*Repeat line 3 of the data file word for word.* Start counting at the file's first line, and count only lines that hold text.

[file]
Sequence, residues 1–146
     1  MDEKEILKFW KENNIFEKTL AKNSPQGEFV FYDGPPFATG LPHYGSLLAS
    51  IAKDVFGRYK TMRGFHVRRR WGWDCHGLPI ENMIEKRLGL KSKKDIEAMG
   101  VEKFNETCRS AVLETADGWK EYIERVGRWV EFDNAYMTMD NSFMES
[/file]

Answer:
    51  IAKDVFGRYK TMRGFHVRRR WGWDCHGLPI ENMIEKRLGL KSKKDIEAMG